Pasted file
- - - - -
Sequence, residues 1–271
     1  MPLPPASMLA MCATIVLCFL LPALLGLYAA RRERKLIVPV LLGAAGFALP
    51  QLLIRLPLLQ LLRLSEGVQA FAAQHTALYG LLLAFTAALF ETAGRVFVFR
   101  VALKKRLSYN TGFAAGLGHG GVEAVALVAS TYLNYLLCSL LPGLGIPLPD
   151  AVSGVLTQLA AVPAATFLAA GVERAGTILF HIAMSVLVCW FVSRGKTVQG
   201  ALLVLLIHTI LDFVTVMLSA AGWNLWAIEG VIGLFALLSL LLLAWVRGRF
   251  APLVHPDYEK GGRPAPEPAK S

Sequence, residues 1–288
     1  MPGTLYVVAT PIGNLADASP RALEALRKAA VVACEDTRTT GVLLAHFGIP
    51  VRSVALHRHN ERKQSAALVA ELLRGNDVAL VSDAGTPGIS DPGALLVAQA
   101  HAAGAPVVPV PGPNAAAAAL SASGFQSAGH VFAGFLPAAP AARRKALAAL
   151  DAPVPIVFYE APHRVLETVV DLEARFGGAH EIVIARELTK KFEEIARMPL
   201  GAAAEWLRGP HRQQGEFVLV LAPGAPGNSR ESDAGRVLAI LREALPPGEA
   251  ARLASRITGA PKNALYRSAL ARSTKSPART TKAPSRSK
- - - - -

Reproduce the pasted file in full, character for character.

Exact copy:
Sequence, residues 1–271
     1  MPLPPASMLA MCATIVLCFL LPALLGLYAA RRERKLIVPV LLGAAGFALP
    51  QLLIRLPLLQ LLRLSEGVQA FAAQHTALYG LLLAFTAALF ETAGRVFVFR
   101  VALKKRLSYN TGFAAGLGHG GVEAVALVAS TYLNYLLCSL LPGLGIPLPD
   151  AVSGVLTQLA AVPAATFLAA GVERAGTILF HIAMSVLVCW FVSRGKTVQG
   201  ALLVLLIHTI LDFVTVMLSA AGWNLWAIEG VIGLFALLSL LLLAWVRGRF
   251  APLVHPDYEK GGRPAPEPAK S

Sequence, residues 1–288
     1  MPGTLYVVAT PIGNLADASP RALEALRKAA VVACEDTRTT GVLLAHFGIP
    51  VRSVALHRHN ERKQSAALVA ELLRGNDVAL VSDAGTPGIS DPGALLVAQA
   101  HAAGAPVVPV PGPNAAAAAL SASGFQSAGH VFAGFLPAAP AARRKALAAL
   151  DAPVPIVFYE APHRVLETVV DLEARFGGAH EIVIARELTK KFEEIARMPL
   201  GAAAEWLRGP HRQQGEFVLV LAPGAPGNSR ESDAGRVLAI LREALPPGEA
   251  ARLASRITGA PKNALYRSAL ARSTKSPART TKAPSRSK